—  Increasing the information available to business both for services and for freight grants to ensure the attractions of the rail alternative are well communicated. This should include attempts to overcome the lasting image of rail as a mode most suitable for bulk goods being carried over long distances.

  9.5 The BCC calls for a number of improvements to the railway network in order that rail becomes a viable mode for a greater proportion of passenger journeys. In particular, we believe that the following recommendations are key:

    —  Rail journey times and reliability must be significantly improved to increase the attractiveness of rail to business and leisure users.

    —  Regular, reliable public transport links to railway stations are essential to complete onward journeys.

    —  The quality of rail information must continue to improve and should include details of public transport links to stations and car parking facilities to enable the planning of a seamless journey.

    —  The security of rail travel must be improved.

  9.6 Without the speedy implementation of the Strategic Rail Authority (SRA) these objectives will remain unfulfilled. The BCC calls for further details on the SRA to be forthcoming and that adequate time is given to its establishment in the forthcoming legislative programme.


(Ref: Chapter 4 Making it Happen—UK Action)

  10.1 The influence of the Strategic Rail Authority in the development of key rail projects is something that we very much support as a way of ensuring that those schemes which are important at a national level come to fruition. The same must therefore happen with other modes, particularly where links to international markets are involved. We suggest that the Commission for Integrated Transport might be involved in the identification of priority infrastructure developments. According to the BCC Business Survey on Transport 1998, those schemes that business deems as essential are:

    —  The Birmingham Northern Relief Road.

    —  Developing rail links from the Channel Tunnel to the North.

    —  The upgrading of the West Coast Mainline.

  10.2 The establishment of the Commission for Integrated Transport to monitor progress against the White Paper framework is very much welcomed by the BCC. We would wish to see strong representation of business on the Commission to ensure business needs and opinions are fed in to the transport debate.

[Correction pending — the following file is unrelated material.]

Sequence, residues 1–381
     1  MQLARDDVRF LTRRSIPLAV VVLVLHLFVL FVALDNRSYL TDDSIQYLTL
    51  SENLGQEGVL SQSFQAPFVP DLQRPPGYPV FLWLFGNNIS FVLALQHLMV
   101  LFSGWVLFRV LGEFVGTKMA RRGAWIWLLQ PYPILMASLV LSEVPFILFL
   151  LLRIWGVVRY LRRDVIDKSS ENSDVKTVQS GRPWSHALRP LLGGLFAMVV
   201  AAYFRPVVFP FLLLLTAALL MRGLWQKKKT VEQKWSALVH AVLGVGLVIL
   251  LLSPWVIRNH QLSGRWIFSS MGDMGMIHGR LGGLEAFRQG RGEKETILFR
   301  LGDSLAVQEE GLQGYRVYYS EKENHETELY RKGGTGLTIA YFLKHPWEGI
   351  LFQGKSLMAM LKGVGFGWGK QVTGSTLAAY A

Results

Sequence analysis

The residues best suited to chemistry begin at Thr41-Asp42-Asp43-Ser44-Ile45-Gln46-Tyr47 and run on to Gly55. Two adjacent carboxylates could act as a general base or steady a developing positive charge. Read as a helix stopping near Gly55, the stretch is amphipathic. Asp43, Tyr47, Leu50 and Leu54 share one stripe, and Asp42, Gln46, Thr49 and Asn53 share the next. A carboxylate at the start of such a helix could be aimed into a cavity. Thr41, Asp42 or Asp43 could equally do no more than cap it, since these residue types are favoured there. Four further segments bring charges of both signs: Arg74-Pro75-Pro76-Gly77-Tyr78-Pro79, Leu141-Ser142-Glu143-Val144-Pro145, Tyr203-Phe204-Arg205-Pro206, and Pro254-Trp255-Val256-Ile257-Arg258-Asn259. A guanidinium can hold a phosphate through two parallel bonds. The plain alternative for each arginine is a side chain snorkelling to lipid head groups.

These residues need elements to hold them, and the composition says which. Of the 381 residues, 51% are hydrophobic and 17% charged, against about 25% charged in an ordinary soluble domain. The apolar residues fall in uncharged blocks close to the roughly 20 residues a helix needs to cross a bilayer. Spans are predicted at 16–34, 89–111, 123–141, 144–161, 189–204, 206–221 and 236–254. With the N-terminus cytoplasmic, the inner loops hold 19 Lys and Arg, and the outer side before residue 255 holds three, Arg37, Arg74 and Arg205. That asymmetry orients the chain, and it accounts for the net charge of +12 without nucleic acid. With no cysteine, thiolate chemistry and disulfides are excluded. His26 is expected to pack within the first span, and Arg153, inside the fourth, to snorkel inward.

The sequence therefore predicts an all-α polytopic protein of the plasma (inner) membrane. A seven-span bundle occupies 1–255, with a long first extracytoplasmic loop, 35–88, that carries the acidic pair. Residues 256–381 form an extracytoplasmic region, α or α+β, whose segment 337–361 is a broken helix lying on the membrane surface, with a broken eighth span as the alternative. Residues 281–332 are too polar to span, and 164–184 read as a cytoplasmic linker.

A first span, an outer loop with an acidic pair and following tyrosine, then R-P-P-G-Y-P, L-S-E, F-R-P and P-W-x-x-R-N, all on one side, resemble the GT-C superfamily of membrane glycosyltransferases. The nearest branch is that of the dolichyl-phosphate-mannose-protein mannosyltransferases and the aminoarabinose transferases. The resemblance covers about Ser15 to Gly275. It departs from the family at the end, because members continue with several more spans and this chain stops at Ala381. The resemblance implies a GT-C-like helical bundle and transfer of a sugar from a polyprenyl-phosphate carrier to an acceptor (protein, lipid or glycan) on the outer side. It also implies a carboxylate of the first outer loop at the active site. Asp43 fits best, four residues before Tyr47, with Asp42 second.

11.1 The BCC supports many of the proposals in the White Paper. Below are summarised our main concerns:

    —  The paper, whilst being a welcome framework for transport development over the short, medium and long-term, lacks detail making any real assessment of the impact of proposals on business competitiveness difficult to assess. The supplementary papers are required without delay and adequate legislative time must be given to transport matters in the next parliamentary session if we are to progress towards an integrated transport system with any speed.

    —  An essential element of key proposals such as car park charging, road charging and hypothecation at the local level will be more effective engagement between business, communities and local authorities. Government has not given enough detailed consideration of improvements to local consultation and decision-making in this White Paper.

    —  Too much emphasis has been placed upon private sector investment sources. Although we recognise the constraints upon public spending and support greater private sector involvement in transport investment, we believe that the public sector will still be required to pump-prime investment and improve the attractiveness of investment on the part of the private sector.

September 1998